Nelsonville

Nelsonville
NW-17 rolls into Nelsoville off the Wilson Bridge branch.

Saturday, February 23, 2013

Progress Update

This past week I spent a bit of time working on the modifications to the layout at North Pierce. In the first photo you can see the first section of new hardshell and the trees that have been replaced in this area. As I have mentioned before, the trees on the hillside here were part of the first scenery completed on the layout. Some were left over from my first layout, and at the time I was only using two colors of ground foam for the foliage. This looked OK initially, but really looked bad in photographs.



























The second photo shows the new track in this area, all of which is operational now. I added cardboard to the sides of the hole in the drywall to keep any dust from getting on the track. I painted the cardboard, the Homasote, and the plywood with black poster paint in order to make it less visible from the tunnel entrance.



























In the photo below you can see the location of the new bridge on the mainline. Once the tunnel portal is weathered and in place and the bridge and abutments have been added, I'll finish roughing in the scenery in this area.



























It's good to have all of the demolition behind me- I hate the mess that it creates. And I'm really looking forward to seeing the first train come through the tunnel heading eastbound!


Wednesday, February 13, 2013

F Units!

From the time I developed the concept of the Chesapeake, Wheeling & Erie Railroad, it was always my intent to have F units on the roster. In fact, the fourth engine I built for the CWE was an old Athearn F7 A unit. A number of years ago, I ordered two BLI F units- an A and a B- both with sound. I built the B unit first, and it sat as a lone unit for some time. Both engines had early versions of QSI decoders in them, and I was never happy with the sound. Once I began operating the layout, it seemed like it was time to build the A unit and pair it up with the B and a GP7 or 9 for mine run service. This past fall I finally finished the A unit and replaced the decoders in both F units with Soundtraxx sound decoders. Even the earlier versions of the Soundtraxx decoders sound much more like an EMD 567B than the QSI decoders. The units ran through two operating sessions before finally getting the final weathering. Now both units are finally finished, and here's the result:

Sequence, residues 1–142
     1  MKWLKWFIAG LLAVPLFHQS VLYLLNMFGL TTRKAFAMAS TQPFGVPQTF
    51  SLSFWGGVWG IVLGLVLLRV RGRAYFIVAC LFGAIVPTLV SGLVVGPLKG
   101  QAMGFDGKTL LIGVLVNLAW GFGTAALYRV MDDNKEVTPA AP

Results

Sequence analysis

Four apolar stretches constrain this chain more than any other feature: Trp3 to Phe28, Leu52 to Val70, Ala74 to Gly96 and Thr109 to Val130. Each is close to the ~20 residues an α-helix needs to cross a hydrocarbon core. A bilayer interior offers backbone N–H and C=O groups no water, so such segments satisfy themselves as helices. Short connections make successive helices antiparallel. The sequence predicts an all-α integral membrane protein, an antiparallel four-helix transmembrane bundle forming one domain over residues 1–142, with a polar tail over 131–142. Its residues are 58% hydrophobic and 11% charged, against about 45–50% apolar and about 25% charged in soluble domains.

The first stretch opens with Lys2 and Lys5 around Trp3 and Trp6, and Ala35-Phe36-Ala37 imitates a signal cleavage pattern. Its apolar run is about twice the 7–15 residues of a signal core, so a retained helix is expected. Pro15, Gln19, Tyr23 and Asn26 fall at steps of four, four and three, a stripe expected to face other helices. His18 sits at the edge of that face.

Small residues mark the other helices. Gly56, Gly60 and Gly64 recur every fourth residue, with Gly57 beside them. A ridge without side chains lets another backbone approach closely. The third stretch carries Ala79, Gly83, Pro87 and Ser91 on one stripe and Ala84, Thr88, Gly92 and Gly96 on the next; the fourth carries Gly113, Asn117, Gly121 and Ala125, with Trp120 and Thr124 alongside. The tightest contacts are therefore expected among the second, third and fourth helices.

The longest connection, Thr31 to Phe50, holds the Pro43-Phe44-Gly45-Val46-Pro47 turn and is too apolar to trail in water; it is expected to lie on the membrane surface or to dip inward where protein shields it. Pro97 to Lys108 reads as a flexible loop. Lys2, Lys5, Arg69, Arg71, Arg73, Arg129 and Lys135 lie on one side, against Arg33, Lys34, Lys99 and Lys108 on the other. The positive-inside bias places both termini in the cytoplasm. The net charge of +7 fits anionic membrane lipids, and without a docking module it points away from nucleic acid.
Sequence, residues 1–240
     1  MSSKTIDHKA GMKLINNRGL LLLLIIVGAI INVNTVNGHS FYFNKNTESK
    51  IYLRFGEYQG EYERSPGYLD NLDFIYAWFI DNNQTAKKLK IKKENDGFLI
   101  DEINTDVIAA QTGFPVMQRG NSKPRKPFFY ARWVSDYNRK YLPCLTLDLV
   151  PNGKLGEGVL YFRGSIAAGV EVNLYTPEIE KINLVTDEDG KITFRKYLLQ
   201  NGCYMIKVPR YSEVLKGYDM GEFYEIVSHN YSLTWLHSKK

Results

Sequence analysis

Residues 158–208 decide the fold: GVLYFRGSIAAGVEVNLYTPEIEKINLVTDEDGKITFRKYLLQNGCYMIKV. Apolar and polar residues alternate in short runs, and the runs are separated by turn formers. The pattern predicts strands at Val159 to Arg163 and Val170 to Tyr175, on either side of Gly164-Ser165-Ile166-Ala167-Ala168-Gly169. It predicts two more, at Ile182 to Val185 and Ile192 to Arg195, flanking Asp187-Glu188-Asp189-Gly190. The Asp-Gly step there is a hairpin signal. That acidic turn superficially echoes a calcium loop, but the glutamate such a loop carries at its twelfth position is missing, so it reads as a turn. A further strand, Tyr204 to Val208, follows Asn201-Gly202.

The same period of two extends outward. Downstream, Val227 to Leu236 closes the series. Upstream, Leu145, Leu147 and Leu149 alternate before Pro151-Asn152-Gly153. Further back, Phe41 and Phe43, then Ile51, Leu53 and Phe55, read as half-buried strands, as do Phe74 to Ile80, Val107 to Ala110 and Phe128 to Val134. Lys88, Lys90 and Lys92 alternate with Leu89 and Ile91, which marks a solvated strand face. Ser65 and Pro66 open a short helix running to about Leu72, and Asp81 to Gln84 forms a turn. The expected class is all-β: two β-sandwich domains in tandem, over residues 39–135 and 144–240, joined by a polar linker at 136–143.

In the photo above, F7A 1563 and F7B 1572 are shown at the engine terminal in Nelsonville. In the photo below, the units are rolling off the Dry Creek Branch and onto the main line heading west.



























In the next shot we catch the trio coming off the bridge just before Cedar Falls Junction.



























After passing through Cedar Falls Junction, the trio of units stops on the truss bridge over the main line at Big Chimney while the brakeman aligns the switch for the Sand Fork Branch. A westbound coal train sits in the hole at Big Chimney beneath the bridge.